Then Jesus said to the disciples, ‘There was a rich man who had a manager, and charges were brought to him that this man was squandering his property. So he summoned him and said to him, “What is this that I hear about you? Give me an account of your management, because you cannot be my manager any longer.” Then the manager said to himself, “What will I do, now that my master is taking the position away from me? I am not strong enough to dig, and I am ashamed to beg.I have decided what to do so that, when I am dismissed as manager, people may welcome me into their homes.” So, summoning his master’s debtors one by one, he asked the first, “How much do you owe my master?” He answered, “A hundred jugs of olive oil.” He said to him, “Take your bill, sit down quickly, and make it fifty.” Then he asked another, “And how much do you owe?” He replied, “A hundred containers of wheat.” He said to him, “Take your bill and make it eighty.” And his master commended the dishonest manager because he had acted shrewdly; for the children of this age are more shrewd in dealing with their own generation than are the children of light. And I tell you, make friends for yourselves by means of dishonest wealth so that when it is gone, they may welcome you into the eternal homes.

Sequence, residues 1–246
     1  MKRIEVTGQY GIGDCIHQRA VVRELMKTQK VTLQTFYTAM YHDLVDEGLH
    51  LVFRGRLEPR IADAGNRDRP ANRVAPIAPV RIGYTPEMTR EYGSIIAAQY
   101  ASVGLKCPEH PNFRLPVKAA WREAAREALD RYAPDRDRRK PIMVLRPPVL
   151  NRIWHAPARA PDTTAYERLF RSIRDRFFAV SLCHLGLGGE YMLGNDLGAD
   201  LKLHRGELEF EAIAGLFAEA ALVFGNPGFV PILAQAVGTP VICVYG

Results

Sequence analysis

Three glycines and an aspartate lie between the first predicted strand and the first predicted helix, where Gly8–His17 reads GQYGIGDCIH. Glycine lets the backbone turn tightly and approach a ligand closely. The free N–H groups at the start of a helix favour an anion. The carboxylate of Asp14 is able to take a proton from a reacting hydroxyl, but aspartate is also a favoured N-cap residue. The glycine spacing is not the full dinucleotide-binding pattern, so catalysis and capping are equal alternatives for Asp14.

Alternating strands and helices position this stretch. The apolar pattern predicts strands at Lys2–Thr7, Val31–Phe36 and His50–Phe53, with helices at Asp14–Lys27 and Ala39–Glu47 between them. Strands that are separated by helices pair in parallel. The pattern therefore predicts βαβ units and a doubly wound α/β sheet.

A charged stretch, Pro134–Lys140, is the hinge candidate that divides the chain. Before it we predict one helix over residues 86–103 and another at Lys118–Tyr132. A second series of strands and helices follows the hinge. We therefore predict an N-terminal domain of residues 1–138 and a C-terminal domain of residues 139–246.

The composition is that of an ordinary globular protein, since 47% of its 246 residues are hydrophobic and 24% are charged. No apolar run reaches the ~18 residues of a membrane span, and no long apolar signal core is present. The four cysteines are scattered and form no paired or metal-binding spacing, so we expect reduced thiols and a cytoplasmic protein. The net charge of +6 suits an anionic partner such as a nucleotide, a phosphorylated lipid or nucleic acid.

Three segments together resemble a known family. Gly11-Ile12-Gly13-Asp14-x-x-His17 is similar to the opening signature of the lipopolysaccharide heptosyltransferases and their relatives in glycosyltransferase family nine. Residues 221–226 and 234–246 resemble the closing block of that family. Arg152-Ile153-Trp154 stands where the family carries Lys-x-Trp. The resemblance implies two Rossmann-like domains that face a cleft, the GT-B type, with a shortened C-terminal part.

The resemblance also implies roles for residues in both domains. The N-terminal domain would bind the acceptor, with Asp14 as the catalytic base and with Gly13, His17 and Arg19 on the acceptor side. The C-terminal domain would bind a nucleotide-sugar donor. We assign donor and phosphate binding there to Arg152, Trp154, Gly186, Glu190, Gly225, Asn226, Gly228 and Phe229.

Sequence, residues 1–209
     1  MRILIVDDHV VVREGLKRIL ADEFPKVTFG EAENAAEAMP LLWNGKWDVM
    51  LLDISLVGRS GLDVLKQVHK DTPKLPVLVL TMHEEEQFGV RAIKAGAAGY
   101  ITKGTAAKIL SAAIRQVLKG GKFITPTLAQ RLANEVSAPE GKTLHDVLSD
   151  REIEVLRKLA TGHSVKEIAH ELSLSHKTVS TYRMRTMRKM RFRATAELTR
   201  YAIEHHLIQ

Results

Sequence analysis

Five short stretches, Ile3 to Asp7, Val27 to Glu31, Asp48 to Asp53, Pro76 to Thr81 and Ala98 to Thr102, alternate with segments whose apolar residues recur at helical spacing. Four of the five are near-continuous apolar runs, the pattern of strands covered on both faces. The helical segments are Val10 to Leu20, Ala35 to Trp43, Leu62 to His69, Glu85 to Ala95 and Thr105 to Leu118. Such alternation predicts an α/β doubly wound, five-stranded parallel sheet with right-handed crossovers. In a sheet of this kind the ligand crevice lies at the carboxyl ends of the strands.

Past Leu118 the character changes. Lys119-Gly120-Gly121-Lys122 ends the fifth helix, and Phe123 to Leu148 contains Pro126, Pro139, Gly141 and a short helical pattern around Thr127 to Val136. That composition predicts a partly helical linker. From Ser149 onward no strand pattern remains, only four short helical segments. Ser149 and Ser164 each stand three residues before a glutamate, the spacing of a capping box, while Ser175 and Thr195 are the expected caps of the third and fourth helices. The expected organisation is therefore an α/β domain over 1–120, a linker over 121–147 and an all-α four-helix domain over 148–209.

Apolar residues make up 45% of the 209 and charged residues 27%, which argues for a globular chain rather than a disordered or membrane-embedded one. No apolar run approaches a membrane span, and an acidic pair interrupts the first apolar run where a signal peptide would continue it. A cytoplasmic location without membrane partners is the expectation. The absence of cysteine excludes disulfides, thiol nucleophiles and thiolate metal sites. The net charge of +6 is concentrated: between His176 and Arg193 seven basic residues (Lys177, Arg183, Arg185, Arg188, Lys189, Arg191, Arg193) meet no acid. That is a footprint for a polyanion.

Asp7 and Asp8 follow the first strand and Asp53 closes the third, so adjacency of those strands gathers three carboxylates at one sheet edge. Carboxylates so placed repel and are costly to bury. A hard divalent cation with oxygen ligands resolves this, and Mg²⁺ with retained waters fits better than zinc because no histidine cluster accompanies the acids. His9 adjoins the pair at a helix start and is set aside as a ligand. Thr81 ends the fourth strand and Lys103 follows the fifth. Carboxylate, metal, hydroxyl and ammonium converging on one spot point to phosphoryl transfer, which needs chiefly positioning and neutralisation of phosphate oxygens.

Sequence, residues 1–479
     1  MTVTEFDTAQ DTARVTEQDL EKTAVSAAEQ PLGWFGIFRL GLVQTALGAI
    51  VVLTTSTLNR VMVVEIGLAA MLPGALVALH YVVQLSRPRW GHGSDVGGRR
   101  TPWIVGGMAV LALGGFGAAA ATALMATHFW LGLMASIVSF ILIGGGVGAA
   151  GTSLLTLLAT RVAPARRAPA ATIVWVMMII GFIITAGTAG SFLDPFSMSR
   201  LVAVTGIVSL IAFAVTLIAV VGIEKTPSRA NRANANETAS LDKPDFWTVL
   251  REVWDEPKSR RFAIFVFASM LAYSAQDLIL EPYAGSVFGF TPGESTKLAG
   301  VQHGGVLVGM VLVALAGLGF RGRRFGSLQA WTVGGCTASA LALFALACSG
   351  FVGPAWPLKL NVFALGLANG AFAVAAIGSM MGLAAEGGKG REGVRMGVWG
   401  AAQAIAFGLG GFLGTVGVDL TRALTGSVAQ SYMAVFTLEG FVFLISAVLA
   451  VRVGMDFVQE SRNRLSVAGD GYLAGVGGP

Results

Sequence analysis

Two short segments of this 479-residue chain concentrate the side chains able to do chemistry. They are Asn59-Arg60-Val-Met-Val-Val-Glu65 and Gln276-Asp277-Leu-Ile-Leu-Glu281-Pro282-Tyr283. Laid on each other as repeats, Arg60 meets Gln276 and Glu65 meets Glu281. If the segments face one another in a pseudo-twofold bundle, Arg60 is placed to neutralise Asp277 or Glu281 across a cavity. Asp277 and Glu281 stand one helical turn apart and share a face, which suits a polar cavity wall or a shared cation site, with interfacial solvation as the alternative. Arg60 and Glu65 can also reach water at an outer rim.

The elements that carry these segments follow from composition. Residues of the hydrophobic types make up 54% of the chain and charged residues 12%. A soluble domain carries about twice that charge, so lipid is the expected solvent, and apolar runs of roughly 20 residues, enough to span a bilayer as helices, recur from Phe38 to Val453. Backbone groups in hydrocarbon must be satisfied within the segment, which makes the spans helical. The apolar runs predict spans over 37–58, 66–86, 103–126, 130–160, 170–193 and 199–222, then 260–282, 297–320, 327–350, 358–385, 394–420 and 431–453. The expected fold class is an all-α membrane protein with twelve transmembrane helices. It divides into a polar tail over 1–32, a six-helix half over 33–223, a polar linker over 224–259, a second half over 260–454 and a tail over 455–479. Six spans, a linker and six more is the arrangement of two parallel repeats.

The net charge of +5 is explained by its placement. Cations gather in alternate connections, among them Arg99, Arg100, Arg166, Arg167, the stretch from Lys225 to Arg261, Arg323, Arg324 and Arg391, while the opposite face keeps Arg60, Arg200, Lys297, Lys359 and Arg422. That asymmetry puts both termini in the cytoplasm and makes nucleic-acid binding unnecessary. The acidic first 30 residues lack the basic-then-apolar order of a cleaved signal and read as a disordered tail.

In case you’re a Methodist and just skipped over the scripture, here it is in a nutshell:

Manager gets fired with cause.

Decides to save his own skin.

Knows he can’t do X, Y or Z so he criminally halves his Boss’ debtors’ debts to win their favor.

Jesus says: ‘Well done.’

Actually Jesus says: ‘Make friends for yourselves through dishonesty.’

And all the church people said: ‘What the_________?’

Jesus praises the bad guy, the cheating little blank, and tells us to mimic him?

Jesus’ point and how it jives with our picture of Jesus has long been the cause of head-scratching for preachers.

Here’s one thing, though, that hit me this week.

The chapter divisions in our bibles weren’t there until the 4th/5th century.